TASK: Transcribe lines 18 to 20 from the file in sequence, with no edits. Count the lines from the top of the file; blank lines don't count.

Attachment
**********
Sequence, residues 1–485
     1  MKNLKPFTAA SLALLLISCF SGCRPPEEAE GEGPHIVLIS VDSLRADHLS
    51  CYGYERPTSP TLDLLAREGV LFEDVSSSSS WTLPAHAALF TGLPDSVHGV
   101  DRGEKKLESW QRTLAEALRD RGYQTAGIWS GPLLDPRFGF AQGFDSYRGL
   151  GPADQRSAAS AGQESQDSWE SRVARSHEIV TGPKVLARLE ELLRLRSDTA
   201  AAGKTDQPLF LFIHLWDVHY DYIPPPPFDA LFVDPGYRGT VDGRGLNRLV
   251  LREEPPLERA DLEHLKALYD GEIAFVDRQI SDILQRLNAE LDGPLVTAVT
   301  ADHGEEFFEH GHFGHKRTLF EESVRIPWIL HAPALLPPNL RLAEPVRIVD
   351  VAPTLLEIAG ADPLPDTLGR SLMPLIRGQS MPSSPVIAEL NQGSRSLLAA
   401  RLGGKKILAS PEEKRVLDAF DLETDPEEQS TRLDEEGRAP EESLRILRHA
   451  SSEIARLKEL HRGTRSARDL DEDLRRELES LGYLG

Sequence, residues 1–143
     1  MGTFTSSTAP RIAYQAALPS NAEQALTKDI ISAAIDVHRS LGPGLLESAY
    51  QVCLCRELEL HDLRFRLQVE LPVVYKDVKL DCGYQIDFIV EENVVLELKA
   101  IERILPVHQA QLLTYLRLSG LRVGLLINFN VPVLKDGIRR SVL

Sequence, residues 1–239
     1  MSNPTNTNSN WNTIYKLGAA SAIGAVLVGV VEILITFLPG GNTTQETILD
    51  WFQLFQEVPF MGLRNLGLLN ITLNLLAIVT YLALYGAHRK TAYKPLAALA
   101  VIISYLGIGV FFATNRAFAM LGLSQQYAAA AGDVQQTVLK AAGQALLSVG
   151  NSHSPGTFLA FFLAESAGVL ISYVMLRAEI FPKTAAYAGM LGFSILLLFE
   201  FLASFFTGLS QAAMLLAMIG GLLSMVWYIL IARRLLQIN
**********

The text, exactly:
    51  WFQLFQEVPF MGLRNLGLLN ITLNLLAIVT YLALYGAHRK TAYKPLAALA
   101  VIISYLGIGV FFATNRAFAM LGLSQQYAAA AGDVQQTVLK AAGQALLSVG
   151  NSHSPGTFLA FFLAESAGVL ISYVMLRAEI FPKTAAYAGM LGFSILLLFE